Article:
Not from the Freedom Foundation, mind you. The Freedom Foundation is quite proud of its Director of Labor Policy.
Since his appointment by President Trump in 2019, Max Nelsen served as a member of the Federal Service Impasses Panel (FSIP), a powerful labor relations board that resolves collective bargaining disputes between federal agencies and government unions.
In fact, the first decision of the FSIP under the Biden Administration — 145 pages in length — was written by Nelsen.
Members of the FSIP serve five-year terms but can be dismissed by the president at any time. While it is customary for new administrations to remove and replace the FSIP members appointed by the previous administration, Biden moved to do so quicker than any modern administration.
On Groundhog Day, President Biden demanded the resignations of those FSIP members who had not already resigned. The two members who didn’t submit resignations by the end of the day — including Nelsen — were terminated.
The move was cheered by federal employees’ unions and liberal columnists. An official for the largest such union — the American Federation of Government Employees — decried the Trump appointees as “a grotesque parade of horribles.” An official for the International Federation of Professional and Technical Engineers described Trump’s FSIP as “a ‘who’s who’ of union busters and anti-government ideologues.”
Given its “attacks on public sector unions in Washington state,” Nelsen’s affiliation with the Freedom Foundation was listed as a prominent example in a celebratory article by The Los Angeles Times’ business columnist.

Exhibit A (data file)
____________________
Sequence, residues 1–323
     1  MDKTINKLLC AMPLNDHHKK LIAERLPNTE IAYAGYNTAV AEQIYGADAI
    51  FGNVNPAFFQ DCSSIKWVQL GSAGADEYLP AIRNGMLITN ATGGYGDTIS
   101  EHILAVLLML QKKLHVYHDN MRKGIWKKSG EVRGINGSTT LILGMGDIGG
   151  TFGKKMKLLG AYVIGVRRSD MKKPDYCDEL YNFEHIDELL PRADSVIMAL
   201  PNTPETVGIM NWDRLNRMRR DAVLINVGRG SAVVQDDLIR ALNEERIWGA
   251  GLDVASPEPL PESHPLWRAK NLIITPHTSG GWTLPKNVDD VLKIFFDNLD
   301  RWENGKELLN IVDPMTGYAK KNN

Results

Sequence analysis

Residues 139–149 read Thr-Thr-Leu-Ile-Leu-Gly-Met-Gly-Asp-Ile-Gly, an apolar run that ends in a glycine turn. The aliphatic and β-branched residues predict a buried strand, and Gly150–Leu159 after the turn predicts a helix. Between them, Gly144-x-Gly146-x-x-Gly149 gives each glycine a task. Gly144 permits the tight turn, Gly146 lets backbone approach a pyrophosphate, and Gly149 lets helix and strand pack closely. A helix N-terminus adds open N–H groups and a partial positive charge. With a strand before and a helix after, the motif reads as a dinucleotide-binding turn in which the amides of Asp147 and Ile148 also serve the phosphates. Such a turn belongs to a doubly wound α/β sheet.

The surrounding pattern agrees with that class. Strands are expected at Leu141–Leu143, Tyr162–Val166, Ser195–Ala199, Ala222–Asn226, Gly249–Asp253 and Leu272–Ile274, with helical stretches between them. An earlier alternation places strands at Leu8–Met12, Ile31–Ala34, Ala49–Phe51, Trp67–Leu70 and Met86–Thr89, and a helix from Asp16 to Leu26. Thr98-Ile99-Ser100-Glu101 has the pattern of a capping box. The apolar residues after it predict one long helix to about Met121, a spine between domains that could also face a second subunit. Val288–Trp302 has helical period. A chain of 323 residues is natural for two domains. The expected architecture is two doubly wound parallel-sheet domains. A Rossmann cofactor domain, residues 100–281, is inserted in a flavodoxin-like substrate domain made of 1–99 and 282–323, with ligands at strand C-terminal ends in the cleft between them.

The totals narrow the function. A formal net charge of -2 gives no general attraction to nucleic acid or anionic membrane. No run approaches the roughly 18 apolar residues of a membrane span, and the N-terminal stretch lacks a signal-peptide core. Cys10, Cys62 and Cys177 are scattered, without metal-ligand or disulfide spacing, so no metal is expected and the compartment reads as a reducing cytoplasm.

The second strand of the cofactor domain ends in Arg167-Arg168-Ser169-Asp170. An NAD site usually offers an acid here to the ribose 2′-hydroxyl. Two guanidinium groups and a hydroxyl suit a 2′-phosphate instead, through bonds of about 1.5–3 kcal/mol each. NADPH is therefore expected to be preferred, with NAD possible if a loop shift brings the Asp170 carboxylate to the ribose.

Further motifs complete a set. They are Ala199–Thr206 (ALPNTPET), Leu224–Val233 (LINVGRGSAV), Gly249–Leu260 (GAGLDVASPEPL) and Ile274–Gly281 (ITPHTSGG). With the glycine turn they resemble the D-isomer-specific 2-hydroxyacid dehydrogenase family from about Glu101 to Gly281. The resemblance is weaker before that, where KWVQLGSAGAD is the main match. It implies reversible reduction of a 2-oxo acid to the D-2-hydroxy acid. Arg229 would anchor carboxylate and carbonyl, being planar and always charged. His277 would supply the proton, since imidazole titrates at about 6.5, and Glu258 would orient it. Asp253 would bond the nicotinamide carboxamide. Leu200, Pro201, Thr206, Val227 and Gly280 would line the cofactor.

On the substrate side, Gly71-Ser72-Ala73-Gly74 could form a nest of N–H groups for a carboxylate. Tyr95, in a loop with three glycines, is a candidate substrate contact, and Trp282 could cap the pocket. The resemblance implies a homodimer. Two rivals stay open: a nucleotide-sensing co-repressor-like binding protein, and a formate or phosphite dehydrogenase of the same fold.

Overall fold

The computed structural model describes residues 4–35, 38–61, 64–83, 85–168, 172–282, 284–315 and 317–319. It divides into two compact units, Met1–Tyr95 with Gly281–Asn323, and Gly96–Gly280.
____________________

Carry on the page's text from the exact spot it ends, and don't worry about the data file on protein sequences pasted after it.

In their statements to the press, union officials claimed to look forward to more “neutral” members being appointed by President Biden. A columnist for the far-left publication Slate went so far as to accuse Trump’s FSIP of “consistently [defying] the panel’s legal obligations to remain a neutral arbiter” — in fact, federal law authorizes the FSIP to “take whatever action is necessary” to resolve disputes — but quickly undermined his own incorrect argument by stating that President Biden’s future appointees to the FSIP would be “expected” to “protect federal unions.”
These firings and Biden’s unprecedented canning of the National Labor Relations Board’s general counsel Peter Robb are just the beginning of Biden making good on his promise to be “the most pro-union President you’ve ever seen.”
But because unions’ interests are decidedly not the same as workers, much less taxpayers, the work of the Freedom Foundation in holding government unions accountable will be increasingly important in the coming years.